Munhaksasang, the publishing company that confers South Korea’s prestigious Yi Sang Literary Award, apologized Tuesday for the controversy that emerged when three of this year’s runners-up refused to accept their awards to protest contract terms they deemed unfair.
“We apologize to everyone who was hurt and disappointed by this issue,” Munhaksasang CEO Lim Ji-hyun said in a statement. “We now realized that the biggest problem was our lack of awareness of copyrights.”
Lim also added that the publishing company had decided to cancel this year’s awards and amend the problematic three-year exclusive copyright clause in its contract, seeking only the non-exclusive right to publish the works for one year.
The copyright controversy came to the fore last month when three writers -- Kim Geum-hee, Choi Eun-yeong and Lee Gi-ho -- refused to accept their runner-up awards to protest what they considered the unfair terms of the Yi Sang Literary Award contract. The writers pointed out that the winners, under the terms of the contract, must agree to transfer their copyrights over the winning works to Munhaksasang for three years.
The problem worsened when last year’s top-prize winner, Yoon Yi-hyung, tweeted Friday that she had quit writing, saying she was ashamed of having accepted the Yi Sang Literary Award.
“I would like to return the Yi Sang Literary Award. It is because I recently realized that there was an injustice,” Yoon said on social media. “But it is impossible to return the award now, so I decided to end my writing career as I see that this is the only way to demonstrate my complaint.”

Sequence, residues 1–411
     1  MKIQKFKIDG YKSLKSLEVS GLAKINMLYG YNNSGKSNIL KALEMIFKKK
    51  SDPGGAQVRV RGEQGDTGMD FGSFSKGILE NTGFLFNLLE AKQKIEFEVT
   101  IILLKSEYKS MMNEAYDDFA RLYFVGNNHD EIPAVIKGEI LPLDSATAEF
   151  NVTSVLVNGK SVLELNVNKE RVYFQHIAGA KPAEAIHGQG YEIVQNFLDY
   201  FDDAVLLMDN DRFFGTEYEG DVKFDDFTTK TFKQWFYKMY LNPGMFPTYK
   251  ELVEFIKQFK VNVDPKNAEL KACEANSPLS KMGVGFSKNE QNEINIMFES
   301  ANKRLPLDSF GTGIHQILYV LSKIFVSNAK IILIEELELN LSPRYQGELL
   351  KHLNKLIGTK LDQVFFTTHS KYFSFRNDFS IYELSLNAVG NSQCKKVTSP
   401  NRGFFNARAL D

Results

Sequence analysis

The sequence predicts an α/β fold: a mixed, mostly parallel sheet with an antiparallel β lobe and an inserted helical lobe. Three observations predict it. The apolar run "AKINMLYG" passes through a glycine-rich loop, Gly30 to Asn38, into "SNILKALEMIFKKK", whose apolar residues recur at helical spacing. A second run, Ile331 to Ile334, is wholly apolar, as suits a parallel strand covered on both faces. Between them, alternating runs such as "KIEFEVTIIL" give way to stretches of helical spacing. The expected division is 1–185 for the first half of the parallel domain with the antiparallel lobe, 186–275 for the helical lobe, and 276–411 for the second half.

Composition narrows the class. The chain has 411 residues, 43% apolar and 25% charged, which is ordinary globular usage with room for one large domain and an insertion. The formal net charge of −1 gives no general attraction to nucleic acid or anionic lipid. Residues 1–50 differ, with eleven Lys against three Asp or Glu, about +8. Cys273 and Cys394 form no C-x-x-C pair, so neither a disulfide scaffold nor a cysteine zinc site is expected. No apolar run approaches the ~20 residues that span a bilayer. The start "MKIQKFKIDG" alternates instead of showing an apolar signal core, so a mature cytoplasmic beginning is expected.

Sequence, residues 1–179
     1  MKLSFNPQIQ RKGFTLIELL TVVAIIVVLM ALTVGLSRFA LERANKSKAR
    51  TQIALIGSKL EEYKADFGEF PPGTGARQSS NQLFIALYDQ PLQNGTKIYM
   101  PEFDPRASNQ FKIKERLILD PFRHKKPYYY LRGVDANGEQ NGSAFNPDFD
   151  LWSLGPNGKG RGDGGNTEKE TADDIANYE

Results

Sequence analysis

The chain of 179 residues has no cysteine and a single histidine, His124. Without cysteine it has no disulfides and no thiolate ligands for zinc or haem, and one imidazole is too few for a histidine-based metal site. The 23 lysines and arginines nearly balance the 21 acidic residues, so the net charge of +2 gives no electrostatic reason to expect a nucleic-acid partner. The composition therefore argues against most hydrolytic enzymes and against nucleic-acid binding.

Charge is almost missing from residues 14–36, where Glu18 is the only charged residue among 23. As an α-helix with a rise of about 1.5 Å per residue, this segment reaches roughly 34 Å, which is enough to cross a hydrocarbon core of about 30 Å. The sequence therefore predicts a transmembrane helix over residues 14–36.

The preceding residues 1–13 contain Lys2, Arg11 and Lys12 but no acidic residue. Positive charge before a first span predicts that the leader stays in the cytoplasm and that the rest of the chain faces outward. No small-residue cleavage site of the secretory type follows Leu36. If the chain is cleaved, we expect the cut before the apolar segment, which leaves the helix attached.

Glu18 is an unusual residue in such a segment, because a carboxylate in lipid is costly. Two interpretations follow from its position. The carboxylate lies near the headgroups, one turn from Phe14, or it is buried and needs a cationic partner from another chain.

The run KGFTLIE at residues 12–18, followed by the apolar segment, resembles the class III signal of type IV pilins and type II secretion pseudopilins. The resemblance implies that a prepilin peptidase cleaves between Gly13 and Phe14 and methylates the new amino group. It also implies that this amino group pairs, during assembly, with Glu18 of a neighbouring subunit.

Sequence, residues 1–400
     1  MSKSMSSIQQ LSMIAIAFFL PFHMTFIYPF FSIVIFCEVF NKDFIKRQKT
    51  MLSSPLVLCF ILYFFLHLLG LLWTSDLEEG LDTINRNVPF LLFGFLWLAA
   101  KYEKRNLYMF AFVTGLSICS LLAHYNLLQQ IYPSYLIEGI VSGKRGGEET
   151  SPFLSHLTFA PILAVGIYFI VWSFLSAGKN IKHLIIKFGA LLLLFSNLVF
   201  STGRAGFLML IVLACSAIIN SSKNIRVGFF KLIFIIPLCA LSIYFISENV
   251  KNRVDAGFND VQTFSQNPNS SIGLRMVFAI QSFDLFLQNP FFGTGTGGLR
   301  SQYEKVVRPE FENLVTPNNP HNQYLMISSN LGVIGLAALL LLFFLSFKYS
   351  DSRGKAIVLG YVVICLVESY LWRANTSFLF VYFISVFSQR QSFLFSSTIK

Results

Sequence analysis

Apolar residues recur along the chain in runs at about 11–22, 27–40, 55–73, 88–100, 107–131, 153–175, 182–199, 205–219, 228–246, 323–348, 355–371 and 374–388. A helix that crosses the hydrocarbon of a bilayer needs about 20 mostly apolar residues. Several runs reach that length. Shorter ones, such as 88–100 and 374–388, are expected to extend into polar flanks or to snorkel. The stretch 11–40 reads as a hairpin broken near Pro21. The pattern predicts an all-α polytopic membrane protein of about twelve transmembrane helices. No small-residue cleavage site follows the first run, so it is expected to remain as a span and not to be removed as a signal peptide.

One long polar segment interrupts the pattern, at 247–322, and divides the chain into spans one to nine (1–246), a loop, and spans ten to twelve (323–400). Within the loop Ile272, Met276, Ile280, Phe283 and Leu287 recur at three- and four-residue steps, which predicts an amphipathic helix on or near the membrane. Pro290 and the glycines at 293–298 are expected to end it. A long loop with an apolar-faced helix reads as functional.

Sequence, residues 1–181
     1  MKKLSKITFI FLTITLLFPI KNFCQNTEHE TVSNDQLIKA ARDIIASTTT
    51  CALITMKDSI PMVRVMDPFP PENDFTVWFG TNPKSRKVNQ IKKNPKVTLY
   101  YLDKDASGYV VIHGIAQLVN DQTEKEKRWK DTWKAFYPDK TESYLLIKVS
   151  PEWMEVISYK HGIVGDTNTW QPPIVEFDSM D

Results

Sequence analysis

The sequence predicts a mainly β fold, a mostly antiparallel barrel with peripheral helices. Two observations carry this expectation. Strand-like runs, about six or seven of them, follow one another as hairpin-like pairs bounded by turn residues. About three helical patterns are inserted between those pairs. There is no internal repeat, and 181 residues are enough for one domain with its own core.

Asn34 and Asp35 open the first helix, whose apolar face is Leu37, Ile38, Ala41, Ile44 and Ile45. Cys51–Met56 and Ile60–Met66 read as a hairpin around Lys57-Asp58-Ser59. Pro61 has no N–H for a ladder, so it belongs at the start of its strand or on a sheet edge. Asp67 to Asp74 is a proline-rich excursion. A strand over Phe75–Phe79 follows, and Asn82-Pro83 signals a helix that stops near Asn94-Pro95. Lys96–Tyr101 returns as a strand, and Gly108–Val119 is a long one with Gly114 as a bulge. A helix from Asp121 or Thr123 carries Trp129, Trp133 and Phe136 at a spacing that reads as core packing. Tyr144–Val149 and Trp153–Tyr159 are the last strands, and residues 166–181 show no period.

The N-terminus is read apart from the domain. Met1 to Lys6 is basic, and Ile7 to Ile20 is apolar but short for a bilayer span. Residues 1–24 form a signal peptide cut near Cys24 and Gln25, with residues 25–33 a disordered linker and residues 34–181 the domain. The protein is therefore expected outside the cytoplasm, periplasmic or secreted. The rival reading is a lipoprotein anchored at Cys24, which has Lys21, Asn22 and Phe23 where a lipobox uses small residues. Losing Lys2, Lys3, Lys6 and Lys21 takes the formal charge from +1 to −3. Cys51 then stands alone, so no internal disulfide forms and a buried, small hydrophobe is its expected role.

Yoon Yi-hyung’s novel “Their First and Second Cat” (unofficial translation) won last year’s Yi Sang Literary Award.
Yoon’s decision to end her career turned into a movement on social media as Korean writers including Hwang Jung-eun, Choi Eun-mi and Oh Eun posted statements supporting Yoon’s decision. Readers also showed their support with Twitter posts bearing the hashtag #Munhaksasang _Reader_Boycott.
Immediately following the statement of apology, the Korean Publishers Association expressed its regret. “We must change and eliminate old practices that do not reflect the changes in society,” Yoon Chul-ho, head of the Korean Publishers Association, said in a statement. Yoon added that the association would communicate with writers and come up with a meaningful solution.
The Yi Sang Literary Award was launched in 1977 by Munhaksasang. The prize is named after an early 20th-century writer also known as Kim Hae-gyeong, acclaimed for his groundbreaking works.
By Song Seung-hyun (firstname.lastname@example.org